Woodland Park cancer survivor's enthusiasm and love for hockey never wavers

May 26, 2013 Updated: May 27, 2013 at 12:20 pm
photo - Photo by Junfu Han, The Gazette
Photo by Junfu Han, The Gazette 

WOODLAND PARK -- Amity and Steve Niles have their boy back.

If there was any doubt, 11-year-old Garrett squashed it when he scored the game-winning goal to give his youth hockey team, the Woodland Park Terminators, the division title in their peewee B league.

That the goal came on March 10 as the family readied to celebrate the one-year anniversary of his final chemotherapy session March 21, 2012 made it all the sweeter.

"A lot of tears were shed," Steve said. "It was such a long, miserable road but when he scored, it felt like it finally came to an end. He was back being the kid he was before he got sick."

Garrett was diagnosed with Burkitt's lymphoma when a lump was found in his neck Nov. 9, 2011. More lumps were found in his abdomen, forcing numerous chemotherapy sessions that sapped the boy's strength, if not his enthusiasm for playing hockey.

He never quit playing; only missing ice time when sickened by chemotherapy.

"It helped keep him in a good mood," teammate Chayse Heffler, 12, said. "He's always encouraging, even when we are down."

"I just wanted to keep playing hockey," Garrett said. "I think it helped me get better."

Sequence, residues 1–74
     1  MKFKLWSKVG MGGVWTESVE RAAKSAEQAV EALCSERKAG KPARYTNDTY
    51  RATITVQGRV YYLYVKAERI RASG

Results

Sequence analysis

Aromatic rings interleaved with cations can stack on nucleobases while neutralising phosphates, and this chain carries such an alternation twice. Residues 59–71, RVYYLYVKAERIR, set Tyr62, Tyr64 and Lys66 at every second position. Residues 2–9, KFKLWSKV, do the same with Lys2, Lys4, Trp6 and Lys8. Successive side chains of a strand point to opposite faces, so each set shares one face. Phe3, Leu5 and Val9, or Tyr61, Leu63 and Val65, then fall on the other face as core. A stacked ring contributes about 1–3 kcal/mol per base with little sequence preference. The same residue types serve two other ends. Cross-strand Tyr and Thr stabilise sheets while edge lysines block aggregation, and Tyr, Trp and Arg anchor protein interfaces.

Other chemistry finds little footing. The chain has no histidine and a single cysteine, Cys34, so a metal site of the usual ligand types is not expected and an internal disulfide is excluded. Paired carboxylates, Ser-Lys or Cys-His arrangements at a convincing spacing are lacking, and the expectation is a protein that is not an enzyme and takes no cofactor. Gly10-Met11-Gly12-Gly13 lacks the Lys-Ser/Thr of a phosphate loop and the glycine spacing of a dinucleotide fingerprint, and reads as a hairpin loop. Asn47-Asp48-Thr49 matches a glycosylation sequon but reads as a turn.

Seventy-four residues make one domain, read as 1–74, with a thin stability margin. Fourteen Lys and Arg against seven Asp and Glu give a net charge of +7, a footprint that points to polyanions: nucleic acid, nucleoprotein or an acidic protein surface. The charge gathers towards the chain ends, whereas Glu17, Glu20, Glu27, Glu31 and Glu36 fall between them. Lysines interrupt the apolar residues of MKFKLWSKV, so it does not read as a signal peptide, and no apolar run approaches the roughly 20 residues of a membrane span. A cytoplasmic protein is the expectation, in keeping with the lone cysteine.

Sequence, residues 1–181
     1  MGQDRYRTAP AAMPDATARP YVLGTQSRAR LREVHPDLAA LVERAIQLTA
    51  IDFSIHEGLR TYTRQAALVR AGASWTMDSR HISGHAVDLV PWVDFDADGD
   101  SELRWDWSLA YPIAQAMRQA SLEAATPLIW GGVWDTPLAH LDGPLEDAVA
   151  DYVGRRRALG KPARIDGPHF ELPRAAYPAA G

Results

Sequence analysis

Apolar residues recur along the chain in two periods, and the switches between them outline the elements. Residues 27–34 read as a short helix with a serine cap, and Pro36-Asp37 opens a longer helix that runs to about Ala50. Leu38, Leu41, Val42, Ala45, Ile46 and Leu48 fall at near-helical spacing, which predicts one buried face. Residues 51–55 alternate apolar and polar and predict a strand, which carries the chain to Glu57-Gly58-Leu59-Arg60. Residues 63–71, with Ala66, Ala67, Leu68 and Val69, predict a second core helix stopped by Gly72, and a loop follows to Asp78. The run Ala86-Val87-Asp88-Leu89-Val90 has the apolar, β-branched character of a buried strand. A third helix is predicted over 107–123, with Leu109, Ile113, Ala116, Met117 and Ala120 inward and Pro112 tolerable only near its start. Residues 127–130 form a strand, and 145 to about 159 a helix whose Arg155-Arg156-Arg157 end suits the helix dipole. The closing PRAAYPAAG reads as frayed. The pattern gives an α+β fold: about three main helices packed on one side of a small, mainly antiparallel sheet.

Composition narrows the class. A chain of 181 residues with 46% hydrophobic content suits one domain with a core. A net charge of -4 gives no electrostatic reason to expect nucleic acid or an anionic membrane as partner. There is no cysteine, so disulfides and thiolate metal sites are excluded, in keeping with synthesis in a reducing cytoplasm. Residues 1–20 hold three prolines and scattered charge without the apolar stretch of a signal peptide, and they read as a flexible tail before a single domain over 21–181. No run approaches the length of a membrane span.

His friend agreed.

"It was very important to him," teammate Colton Hudson, 12, said. "All his friends are in hockey. It's his life."

It took time, but he started playing like the same standout he was before the diagnosis.

"Around February was when his strength started to come back," coach Brian Kane said. "He was our team MVP in the playoffs and the No. 1 star in every game."

The city and the area's hockey community rallied around the boy by donating money so Amity could take time off work, providing meals and offering to help.

"It's stressful enough without worrying about money and missing work," said Amity, who works for Triple Crown Casinos in Cripple Creek. "The community was so supportive and my employer made sure I had the time off I needed to stay home after his chemo. Everyone was willing to do anything we needed."

Garrett was also embraced by the Colorado College hockey team who joined in the "Going Bald for Garrett" fundraiser, which drew 1,000 people, to show their support and continued to do so by attending a Terminators game at World Arena. Both instances mean a lot to the boy.

"It was amazing," he said.

Garrett and graduated goalie Joe Howe still stay in touch via Facebook.

"I am really glad to hear he's doing well," Howe said recently. "He's quite the little hockey player."

The sick, bald boy is now a healthy one with a mane of curls since the chemo. He died his hair orange to show support for a Woodland Park girl diagnosed with leukemia last fall.

Garrett is Amity's and Steve's boy from before the illness, maybe a little wiser.

"I wouldn't have done that before getting sick," he said. "I haven't had a chance to talk to her but I felt I needed to show my support like so many others did for me."

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